Tagpublic private partnership

It’s impossible to track the many investment programs in disinvested Chicago neighborhoods

An article in the Chicago Tribune that announces Chase bank’s increase in the amount of grants it is offering in Chicago goes on to detail myriad existing grant, loan, and donation programs from public and private sources for neighborhoods that have few jobs, few resources, no privilege, and lots of quality of life problems.

But not all of the programs. There are more, but I don’t even know how many more, nor do I know all of their names. I just know that I’ve read about them before.

The article is where I learned that Benefit Chicago – a $100 million investment fund  operated by the Chicago Community Trust, MacArthur Foundation, and Calvert Foundation, but hasn’t finished raising all the money – has started giving out loans and grants to Chicago recipients, including Garfield Produce Company.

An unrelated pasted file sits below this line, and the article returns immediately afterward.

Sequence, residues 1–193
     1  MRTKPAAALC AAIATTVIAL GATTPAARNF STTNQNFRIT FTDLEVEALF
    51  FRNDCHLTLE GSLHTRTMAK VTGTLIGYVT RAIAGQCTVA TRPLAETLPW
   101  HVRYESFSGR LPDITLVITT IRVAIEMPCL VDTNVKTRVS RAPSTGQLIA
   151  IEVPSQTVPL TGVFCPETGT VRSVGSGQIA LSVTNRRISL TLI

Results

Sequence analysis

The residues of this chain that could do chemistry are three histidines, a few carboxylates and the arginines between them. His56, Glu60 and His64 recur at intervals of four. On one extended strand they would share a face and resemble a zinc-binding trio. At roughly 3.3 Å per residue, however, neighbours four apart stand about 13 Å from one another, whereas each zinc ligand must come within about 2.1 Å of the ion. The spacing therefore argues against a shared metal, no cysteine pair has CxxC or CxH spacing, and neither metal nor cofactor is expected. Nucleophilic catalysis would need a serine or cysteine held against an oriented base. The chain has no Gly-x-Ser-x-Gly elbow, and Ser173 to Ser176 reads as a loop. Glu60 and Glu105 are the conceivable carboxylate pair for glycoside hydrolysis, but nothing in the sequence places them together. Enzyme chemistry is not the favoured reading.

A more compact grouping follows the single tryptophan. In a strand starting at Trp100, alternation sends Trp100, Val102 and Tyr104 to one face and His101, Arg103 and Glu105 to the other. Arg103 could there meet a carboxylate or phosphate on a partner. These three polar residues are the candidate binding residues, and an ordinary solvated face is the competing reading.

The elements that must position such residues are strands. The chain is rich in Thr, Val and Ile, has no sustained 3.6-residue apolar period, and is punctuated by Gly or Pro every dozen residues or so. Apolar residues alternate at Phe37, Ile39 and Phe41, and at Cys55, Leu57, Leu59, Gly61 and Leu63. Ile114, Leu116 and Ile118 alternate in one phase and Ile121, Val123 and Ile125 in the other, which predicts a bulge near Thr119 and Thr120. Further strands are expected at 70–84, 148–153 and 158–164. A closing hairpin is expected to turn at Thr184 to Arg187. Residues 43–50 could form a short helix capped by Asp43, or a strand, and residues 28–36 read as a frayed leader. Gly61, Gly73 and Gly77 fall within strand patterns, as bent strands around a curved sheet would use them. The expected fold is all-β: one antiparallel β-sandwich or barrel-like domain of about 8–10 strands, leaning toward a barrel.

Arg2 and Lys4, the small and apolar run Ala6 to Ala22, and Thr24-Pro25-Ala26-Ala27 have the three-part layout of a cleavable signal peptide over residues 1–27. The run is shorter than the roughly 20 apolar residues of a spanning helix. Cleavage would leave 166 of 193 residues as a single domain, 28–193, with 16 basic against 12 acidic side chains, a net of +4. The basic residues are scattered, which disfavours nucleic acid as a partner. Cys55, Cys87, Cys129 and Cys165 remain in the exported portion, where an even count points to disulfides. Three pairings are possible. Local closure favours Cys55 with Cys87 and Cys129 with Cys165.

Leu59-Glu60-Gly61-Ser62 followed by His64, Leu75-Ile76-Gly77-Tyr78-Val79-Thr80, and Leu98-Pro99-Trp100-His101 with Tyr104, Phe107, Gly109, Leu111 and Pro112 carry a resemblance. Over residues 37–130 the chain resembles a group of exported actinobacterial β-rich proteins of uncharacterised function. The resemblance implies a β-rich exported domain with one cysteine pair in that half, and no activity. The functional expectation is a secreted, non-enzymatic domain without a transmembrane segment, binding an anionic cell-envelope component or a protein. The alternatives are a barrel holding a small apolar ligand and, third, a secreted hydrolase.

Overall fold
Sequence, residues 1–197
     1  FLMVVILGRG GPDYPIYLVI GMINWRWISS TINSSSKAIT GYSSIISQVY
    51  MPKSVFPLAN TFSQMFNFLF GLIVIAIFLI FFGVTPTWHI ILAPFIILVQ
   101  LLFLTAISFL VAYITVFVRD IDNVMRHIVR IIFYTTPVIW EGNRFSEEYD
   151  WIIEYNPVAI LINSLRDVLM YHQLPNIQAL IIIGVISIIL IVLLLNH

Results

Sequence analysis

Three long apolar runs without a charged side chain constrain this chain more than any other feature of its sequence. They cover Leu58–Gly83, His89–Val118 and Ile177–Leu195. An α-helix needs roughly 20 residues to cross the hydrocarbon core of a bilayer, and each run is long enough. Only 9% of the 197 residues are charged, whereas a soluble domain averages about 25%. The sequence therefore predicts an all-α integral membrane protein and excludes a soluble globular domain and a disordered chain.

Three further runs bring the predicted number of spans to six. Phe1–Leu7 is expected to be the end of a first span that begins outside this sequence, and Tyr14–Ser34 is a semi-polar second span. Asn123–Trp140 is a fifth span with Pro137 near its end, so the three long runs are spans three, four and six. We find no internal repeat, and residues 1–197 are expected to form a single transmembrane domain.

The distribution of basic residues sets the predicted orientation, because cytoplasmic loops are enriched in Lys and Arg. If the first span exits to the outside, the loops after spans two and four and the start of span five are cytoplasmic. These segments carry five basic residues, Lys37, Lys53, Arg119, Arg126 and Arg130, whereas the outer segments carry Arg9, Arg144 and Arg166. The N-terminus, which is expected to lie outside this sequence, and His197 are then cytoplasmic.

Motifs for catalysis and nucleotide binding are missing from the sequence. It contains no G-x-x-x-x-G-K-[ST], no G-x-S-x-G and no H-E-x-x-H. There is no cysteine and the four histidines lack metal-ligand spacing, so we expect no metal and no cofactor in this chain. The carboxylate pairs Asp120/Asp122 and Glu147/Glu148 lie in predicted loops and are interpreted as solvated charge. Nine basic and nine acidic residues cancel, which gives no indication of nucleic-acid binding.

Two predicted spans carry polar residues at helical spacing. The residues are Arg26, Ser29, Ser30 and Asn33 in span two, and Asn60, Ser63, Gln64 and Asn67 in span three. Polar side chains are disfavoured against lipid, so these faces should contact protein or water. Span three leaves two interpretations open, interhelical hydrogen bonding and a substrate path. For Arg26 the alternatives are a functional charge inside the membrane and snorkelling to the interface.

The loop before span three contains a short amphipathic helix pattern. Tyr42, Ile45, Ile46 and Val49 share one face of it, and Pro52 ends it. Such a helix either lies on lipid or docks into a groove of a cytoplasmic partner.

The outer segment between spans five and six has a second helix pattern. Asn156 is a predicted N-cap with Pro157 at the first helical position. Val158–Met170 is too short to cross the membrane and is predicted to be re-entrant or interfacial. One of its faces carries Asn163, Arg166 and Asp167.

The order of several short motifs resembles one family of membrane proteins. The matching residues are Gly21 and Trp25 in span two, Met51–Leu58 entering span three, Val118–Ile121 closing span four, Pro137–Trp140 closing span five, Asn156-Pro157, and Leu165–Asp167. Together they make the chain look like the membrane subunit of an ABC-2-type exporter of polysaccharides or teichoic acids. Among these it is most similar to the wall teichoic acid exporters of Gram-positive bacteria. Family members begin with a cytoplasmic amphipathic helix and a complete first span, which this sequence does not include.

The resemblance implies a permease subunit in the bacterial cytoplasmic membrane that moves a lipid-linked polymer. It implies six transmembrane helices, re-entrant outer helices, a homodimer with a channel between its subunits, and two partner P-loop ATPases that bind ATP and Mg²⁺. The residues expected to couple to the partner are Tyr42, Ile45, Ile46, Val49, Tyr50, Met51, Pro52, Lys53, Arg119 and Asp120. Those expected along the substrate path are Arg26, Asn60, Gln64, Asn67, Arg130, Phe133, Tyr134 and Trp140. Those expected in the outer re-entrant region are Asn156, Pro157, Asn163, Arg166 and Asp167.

Calvert Foundation has a brokerage (I think that’s the best name for it) through which regular Chicagoans can invest $20 minimum and earn 1.0% interest on that investment after 1 year. Longer periods net higher returns.

Anyway, back to my point…

If I were a business owner in Chicago, and I wanted financial assistance to expand my business – say, buy more kitchen equipment to be able to produce more food – where would I start looking?

Is there a list somewhere? Will my alder know? Is there a group in my neighborhood that can help me track down a funder? Is this more complicated than getting a VC to fund a “Bodega killer“?

One of the things I’ve tried to do with the tens of thousands of maps on Chicago Cityscape is highlight when a business or property owner could be eligible for financial assistance based purely on their geography.

Map of areas where you, as a business or property owner, can get funding assistance from publicly-funded programs.

These geographers where government funding is available are marked with a green icon of a dollar bill that links to a Resources page I adapted from a pamphlet the city’s planning department used to produce. These include: